World’s First Lab-Grown Chicken Is Here

Elle Zhan Wei
March 31st 2017

We are no strangers to cultured meat. Back in 2013, professor Mark Post made the world's first in vitro hamburger with cultured beef. Now, lab-grown chicken will soon come to our table, as Memphis Meats recently announced to have successfully grown the first poultry for human consumption.

On March 14th in San Francisco, Memphis Meats held a tasting where they prepared deep-fried cultured chicken strips and lab-grown duck à l’orange, gaining the approval of the testers who said they would happily eat it again. Currently one pound of cultured poultry is around 9,000 dollars, but the company is confident that in four years cultured meat should appear on the supermarket shelves with a more affordable price. "Memphis Meat uses only one tenth of water, and one hundredth of land to produce same amount of meat when compared to traditional farming. But also cutting down the energy consumption by more than half” said Uma Valeti, Memphis Meats co-founder and CEO.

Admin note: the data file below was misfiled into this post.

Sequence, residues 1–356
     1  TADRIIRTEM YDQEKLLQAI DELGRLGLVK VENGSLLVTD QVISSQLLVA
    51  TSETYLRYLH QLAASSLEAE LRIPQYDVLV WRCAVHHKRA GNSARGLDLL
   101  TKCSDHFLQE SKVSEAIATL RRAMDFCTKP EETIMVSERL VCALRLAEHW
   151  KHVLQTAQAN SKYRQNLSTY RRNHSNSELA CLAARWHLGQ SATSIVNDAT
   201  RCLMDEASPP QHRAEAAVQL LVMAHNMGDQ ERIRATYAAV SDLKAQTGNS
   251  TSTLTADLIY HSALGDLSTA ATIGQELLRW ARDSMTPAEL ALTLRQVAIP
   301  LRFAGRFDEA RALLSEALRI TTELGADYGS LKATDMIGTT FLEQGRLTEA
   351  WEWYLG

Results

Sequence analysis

Chicken is a very common food, around 276 million kilos of chicken is consumed every day world wide, that translates into about 55 million chickens on a daily basis. This number is expected to grow even further. Global Poultry Trends predicted a growth of 1,7 kilos per person, from 13,2kg in 2013 to 14,9kg in 2023. Of course it would take a while before lab-grown chicken to catch up to these numbers, but with what's already available and considering what's under way, we are the closest to a box of cruelty-free chicken wings than we've ever been before.

Sources: Treehugger, The Wall Street Journal. Image: Eater.

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Should men be able to give birth to children?


Lisa Mandemaker: Using an artificial womb could lead to more equality between sexes, but also between different family layouts. If men would be able to give birth to children, it would maybe be easier for male same-sex couples to have a child together.

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